Are stem cells harvested from fat the future?
Professor Claude Moorman uses a long needle to inject tumescent solution into his patient’s abdomen before agitating the tissue with tiny karate chops. The solution liquidates the fat under the skin enabling him to suck it out using a liposuction catheter. He passes the fat to technicians working at a table behind him and begins an arthroscopy (keyhole surgery) on his patient’s arthritic shoulder.
While he cleans out the joint and releases some of the scar tissue, the technicians rinse the fat with saline to remove impurities and shake it vigorously in a cylinder full of ball bearings to isolate the most active stem cells. Professor Moorman then completes the procedure by injecting the stem cells into his patient’s shoulder using his arthroscope to make sure they hit precisely the right spot.
This process of extracting stem cells from fat and injecting them into arthritic joints is now routine at Duke University in North Carolina where Professor Moorman is Director of Sports Medicine. Patients with milder arthritis are injected with stem cells without the accompanying surgery.
“Here at Duke we’re trying to study this with the usual amount of scepticism you have in an academic medical centre,” Professor Moorman told our reporter. “We’ve come to believe that fat-derived cell therapy probably has some advantages over bone marrow.”
Professor Moorman described the procedure at a recent meeting of orthopaedic surgeons organised by the Arthroscopy Association of North America (AANA) in Chicago, Illinois.
“It was exciting to see a presentation at the prestigious AANA from a leading orthopaedic surgeon who is using fat-derived stem cells in his work,” said our principal Mr Simon Moyes, who attended the event. “We are already treating patients with stem cells extracted from bone marrow but we have always known that fat-derived cells are more powerful.”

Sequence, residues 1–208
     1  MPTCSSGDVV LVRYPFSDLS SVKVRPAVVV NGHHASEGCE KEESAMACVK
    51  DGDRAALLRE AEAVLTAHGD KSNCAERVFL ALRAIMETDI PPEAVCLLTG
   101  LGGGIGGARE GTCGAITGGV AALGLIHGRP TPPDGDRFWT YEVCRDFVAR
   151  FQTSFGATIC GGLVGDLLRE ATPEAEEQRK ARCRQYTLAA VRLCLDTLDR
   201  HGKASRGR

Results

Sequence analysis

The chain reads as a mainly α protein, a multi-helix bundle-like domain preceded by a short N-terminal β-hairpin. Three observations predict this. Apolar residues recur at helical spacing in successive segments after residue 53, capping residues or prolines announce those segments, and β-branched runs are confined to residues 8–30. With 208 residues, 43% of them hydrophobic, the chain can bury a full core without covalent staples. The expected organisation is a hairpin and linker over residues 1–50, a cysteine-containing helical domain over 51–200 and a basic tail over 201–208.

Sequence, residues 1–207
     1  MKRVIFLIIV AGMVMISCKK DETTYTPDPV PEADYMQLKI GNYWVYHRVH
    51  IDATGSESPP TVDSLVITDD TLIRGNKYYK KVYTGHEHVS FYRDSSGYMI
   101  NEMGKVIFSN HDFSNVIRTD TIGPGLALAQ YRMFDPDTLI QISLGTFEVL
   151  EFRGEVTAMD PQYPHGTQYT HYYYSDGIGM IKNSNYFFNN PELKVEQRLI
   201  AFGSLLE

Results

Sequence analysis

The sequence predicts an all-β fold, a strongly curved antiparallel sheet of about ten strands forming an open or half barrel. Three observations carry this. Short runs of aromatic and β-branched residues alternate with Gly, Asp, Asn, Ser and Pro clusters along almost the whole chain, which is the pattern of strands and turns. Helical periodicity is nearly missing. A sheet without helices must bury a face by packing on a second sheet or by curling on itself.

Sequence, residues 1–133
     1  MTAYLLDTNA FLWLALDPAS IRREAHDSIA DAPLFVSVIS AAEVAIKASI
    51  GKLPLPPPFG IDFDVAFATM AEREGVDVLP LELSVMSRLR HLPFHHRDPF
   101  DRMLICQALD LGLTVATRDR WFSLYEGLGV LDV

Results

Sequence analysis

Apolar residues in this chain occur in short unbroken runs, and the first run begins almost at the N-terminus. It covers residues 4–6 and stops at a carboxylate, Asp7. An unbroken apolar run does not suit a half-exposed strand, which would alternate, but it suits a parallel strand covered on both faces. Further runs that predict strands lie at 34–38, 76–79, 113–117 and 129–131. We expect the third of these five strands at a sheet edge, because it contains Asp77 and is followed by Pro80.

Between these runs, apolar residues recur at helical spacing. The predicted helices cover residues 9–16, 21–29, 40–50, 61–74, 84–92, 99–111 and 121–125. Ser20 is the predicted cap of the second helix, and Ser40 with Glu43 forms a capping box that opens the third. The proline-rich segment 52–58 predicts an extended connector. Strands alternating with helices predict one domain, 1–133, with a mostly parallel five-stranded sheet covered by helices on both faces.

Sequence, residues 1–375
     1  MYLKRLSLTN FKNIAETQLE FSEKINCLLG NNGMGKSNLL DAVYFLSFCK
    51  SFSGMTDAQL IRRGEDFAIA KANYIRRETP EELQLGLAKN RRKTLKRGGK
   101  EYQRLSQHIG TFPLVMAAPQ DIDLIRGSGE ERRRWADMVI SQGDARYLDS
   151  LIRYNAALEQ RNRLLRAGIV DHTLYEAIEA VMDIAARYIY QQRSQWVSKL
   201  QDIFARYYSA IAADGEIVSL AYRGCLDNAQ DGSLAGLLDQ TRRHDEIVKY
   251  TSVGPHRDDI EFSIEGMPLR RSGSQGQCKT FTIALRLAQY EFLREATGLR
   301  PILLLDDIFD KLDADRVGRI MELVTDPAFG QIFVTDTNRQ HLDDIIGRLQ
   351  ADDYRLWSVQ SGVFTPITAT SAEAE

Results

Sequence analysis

Fat yields ten times more stem cells than bone marrow, Professor Moorman said. He added: “The second major advantage is that over the ageing process you lose active cells in bone marrow but with fat the number of activated cells stays steady throughout a lifetime – an 80-year-old’s fat is just as good as a 20-year-old’s. The third advantage where I am is we have people who eat a lot of BBQ and biscuits and they have plenty of adipose tissue!”
However, slim patients can be more challenging. “Usually you can harvest from the love handles but occasionally you have to roll patients over and get it from the gluteal area,” he said.
Although liposuction is used to extract the fat, the amount harvested is generally not enough to have a cosmetic effect. The process can also cause pain and bruising.
In the UK orthopaedic surgeons use stem cells from bone marrow mainly because they are more accustomed to working with bones than fat.